DARE VALLEY RAILWAY COMPANY. The half-yearly meeting of this company was sub- sequently held at the pame place, Mr. James Poole, chairman, presiding. The Secretary (Mr. Marwood) read the following report: —" The directors now submit the usual statement of accounts for the half-year to 81st December last, together with certificates of the engineers and the auditors. In accordance with the re- solution of the special general meeting held osthe 23rcl August, 1870, the directors, in December last, desired Applications from the shareholders for 1,050 shares of £10 each, being a moiety of the share capital authorised by the Act of the 20th of June, 1870, that number of shares have been allotted pro rata, with the capital held by the applicants. Mr. William Dene Bushell is the director who retires on this occasion he is eligible for re-election.- Mr. F. L. W. Barnard is the auditor who now retires, bat he offers himself for re-election." The report was unanimously adopted. Mr. W. D. Bnshell was re-ciected director, and Mr. Barnard auditor.
TAFF VALE WAGON COMPANY, (LIMITED). The thirty-seventh ordinary half-yearly meeting of this company was also held at the same time and place, Mr. E. J. Hutch ins, chairman, presiding. Mr. David Roberts, secretary, read the following report:— The directors present the usual statement of accounts. During the half-year ended olst December. 1871, there has been invested t4 000 in a debenture of the Penarth Harbour, Dock, and Railway Company, and 4:300 in a, debenture of the Taff Vale Railway Company, each at four per cent. per annum 132" A" and 118 "B" shares of the Taff Vale Wagon Company have also been pur- chased, as will be seen by reference to the Redemption Ftiiffl account. The amount at this date in the hands of the Taff Yftle Railway Company on call is CI9,229 3s. Id. Mr. Hutching is the retiring- director, and offers himself for re-election Mr. T. W. Hill is the retiring auditor. The CHAIRMAN, in moving the adoption of the report, said that in 1874 the company would cease to exist; and he imagined by the end of next year they, as a company, would have nothing more to do. Mr. CROSBY LEONARD moved the adoption of the report, which was agreed to. Mr. Hutchins was re-elected director and the auditor was also re-appointed.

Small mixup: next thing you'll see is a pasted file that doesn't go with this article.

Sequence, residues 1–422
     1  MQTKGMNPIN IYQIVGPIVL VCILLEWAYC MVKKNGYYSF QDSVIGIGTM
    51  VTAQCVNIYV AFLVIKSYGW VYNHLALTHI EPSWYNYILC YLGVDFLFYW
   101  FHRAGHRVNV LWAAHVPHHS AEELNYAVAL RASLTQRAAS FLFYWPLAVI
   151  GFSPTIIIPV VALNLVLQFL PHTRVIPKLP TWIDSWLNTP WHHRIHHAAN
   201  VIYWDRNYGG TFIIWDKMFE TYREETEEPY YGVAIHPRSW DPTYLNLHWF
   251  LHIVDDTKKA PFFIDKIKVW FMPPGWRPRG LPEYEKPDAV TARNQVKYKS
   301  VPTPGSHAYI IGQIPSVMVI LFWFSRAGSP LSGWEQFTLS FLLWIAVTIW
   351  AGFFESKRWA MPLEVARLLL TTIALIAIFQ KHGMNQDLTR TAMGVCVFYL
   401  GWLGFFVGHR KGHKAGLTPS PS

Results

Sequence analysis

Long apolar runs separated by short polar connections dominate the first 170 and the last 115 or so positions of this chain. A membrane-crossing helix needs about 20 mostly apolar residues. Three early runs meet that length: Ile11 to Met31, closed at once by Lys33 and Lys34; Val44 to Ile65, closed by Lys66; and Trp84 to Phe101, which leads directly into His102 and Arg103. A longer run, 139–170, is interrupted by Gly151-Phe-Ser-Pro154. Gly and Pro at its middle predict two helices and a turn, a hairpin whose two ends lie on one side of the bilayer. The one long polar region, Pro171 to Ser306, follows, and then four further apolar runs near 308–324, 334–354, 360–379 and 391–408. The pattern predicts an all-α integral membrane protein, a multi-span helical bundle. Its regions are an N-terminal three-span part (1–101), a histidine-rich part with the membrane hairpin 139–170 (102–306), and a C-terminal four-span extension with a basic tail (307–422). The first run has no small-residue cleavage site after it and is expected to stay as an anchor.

ABERDARE RAILWAY COMPANY. The half-yearly meeting of the proprietors of the company was held at the Secretary's Offices, Exchange Buildings, Bristol, yesterday, Mr. James Poole, chair- man, presiding. The only business transacted was the adoption of the report. „
-q }. BRISTOL STOCK EXCHANGE.—YESTERDAY. LOCAL AND MISCELLANEOUS STOCK. Share. Company. Amt. Paid. Prices". :u Stock Bristol and Exeter kloo iicq iiii Stock Do. 4 per Cent. Preference — 90 92 Ditto, 5 p.c. Rent Charge.. — ..116 118 Stock Monmouthshire Rail. & Canal 100 ..115 118 100 Do. 5 per Cent. Preference .100 108i 109J Stock Rhymney loo ..67 69 Stock South Devon 100 74 76 "4 Stock Taff Vale 100 .161 163 10 Do. elO Shares, Class C 6 4t 4f pm. Stock West Cornwall 100 76 78 10 Avonside Engine. 7 2f 2g dis. 1(1 Bristol City Hotel If 3 31 147.9.0 Bristol Dock Shares 147.9.0.. 88 89 Stock Bristol United Gas 100 19<3i IftTA 10 Bristol College Green Hote! 10 Ill llf 25 Bristol Commercial Rooms. 25 13 14 200 Bristol Steam Navigation 130 7i 7 120 Bristol Waggon Works 10 lb Ii dis. 25 Bristol Water Works 25 50 50-J 10 B. & S. Wales Rail. Waggon 4 1J If pm. x d. 10 Clifton Suspension Bridge.. 10 6* 6A 10 CHftwn Hotel. 10 11£ 11 100 London & South West. Bank 20 7 6 dis. 10 Western Waggon 10 7 7 20 West of England and South Wales District Bank 15 19i 20 x.d.